No. I notice a dichotomy between local and national elected representatives. The first understood that it was necessary to involve people in reflection and decision-making. They know the importance of consulting before deciding. The local elected officials have also integrated the idea that their decisions could be called into question if they do not work properly.
And the national elected representatives?
At the national level, on the other hand, the atrophy of the role of Parliament accentuates the acceleration effects. It should be the place of the preparation of laws, but the mode of operation of the Ve Republic sweeps away this utility. Those are the President of the Republic then the government who decide, which make the laws, without any impact study, or a vague botched work at night in twenty-four hours at Bercy. I observed this manufacturing defect when I was in government. And, once the law is passed, as long as it is applicable, we stick to it, even if it does not work.
How does what you call the “manufacturing flaw” manifest itself?
We had an example of the absurdity of the decision-making process at the end of October, in the Senate. In the middle of the night, by means of an amendment, a senator, with the support of the government, suppressed the accreditation process for university professors and lecturers. This mechanism, entrusted to the National Council of Universities, had existed since 1870! Of course, there was no prior impact study. This example is the quintessence of the lack of consultation and is moreover perfectly unconstitutional.
Article 24 of the Comprehensive Security Law (which sanctions the “malicious” dissemination of the image of the police officers, Editor’s note) is indicative of the same lack of preparation. The government quickly writes an article, then recoils from the general protest. A little consultation would have been enough to avoid this mess.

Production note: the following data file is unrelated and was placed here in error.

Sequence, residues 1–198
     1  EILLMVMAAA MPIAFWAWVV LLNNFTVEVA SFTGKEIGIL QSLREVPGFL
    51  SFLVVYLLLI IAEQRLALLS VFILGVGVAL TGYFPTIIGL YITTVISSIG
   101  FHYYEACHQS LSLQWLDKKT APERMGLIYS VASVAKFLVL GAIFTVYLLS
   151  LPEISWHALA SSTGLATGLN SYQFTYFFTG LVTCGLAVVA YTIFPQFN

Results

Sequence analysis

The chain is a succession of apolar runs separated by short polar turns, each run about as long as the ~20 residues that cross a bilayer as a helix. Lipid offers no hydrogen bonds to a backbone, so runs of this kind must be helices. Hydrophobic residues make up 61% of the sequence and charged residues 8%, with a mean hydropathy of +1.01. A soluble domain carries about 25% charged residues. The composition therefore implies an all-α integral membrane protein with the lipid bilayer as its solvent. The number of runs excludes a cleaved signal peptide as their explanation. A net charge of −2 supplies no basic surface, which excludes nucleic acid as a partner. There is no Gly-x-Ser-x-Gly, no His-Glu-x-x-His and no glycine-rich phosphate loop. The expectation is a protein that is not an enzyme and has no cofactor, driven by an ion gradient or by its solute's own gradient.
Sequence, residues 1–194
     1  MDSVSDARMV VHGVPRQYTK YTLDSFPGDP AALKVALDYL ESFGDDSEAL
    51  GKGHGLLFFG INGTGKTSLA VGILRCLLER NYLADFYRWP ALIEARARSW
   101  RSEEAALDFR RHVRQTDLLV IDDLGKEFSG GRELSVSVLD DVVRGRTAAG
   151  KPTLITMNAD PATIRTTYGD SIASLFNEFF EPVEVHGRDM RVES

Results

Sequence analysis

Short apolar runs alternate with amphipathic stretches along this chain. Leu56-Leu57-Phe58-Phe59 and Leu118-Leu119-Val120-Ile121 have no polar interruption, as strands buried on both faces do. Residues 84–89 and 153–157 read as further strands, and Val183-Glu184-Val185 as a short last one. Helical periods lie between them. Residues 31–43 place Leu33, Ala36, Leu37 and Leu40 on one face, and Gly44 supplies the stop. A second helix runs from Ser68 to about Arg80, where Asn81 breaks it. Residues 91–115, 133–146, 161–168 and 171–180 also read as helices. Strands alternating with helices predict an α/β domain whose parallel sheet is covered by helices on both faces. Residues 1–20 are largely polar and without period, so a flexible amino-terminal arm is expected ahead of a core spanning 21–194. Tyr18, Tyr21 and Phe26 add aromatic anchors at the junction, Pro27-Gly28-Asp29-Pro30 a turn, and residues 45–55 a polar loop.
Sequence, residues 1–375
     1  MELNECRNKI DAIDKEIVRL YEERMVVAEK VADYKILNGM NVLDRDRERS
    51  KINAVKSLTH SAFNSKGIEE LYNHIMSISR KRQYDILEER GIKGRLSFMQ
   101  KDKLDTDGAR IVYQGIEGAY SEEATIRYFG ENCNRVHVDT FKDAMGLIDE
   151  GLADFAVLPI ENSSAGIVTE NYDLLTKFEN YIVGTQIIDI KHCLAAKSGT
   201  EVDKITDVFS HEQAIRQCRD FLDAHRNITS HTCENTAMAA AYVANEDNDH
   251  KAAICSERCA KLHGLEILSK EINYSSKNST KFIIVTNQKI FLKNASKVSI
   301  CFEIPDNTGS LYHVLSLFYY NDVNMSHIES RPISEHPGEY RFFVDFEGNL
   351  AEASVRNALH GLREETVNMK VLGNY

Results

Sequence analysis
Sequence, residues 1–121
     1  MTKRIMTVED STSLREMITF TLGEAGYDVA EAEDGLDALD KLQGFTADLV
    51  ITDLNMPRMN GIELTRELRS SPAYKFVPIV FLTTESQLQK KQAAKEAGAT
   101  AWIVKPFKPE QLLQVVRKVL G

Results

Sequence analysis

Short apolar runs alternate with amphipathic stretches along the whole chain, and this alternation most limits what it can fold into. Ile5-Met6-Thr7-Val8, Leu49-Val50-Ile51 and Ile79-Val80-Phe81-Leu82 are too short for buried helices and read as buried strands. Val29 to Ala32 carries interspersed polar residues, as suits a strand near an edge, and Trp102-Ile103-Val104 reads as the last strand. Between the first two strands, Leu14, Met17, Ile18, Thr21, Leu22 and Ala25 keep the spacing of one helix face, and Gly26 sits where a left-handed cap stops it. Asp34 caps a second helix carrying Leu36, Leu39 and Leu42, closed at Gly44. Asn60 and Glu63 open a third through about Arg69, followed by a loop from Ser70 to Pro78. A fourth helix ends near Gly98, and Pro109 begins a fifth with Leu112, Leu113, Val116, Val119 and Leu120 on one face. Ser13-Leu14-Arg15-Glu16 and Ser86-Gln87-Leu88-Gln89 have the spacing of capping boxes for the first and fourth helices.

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In addition to the principles of design, which assess the problems and provide solutions, what can be the remedies?
Haste and arrogance make a hell of a couple. It explains a good part of the dysfunctions of public policies. It is absolutely necessary to invent a factory different from the laws. We could also set up an assessment of a text: after two years, for example, we study how it is applied, what are its results, and we correct if necessary. We could also institute a legislative orientation debate, a few months before the bill is tabled, during which the government would present and debate its legislative intentions. This would simply reform the institutional mechanism. The new Planning Commission should take up this subject, think about how to rebuild public power and how to manufacture policies that combine, and therefore more effective, and thus rebuild a base of confidence in public decision-making.
Is it an observation of failure that you have assumed, since you were Secretary of State for State Reform and Simplification?
First, I applied these methods and I started to simplify it by dissecting certain policies to reform them. The social declarations of companies have, for example, been simplified, which has saved the French economy billions of euros. I have also tried to reform the practices of the State, but we must be aware of the blockages and the need to make these transformations over time. Marc Guillaume, secretary general of the government at the time, told me one day: “It is very good, the simplification of the State, but it disrupts too much the functioning of the services. ”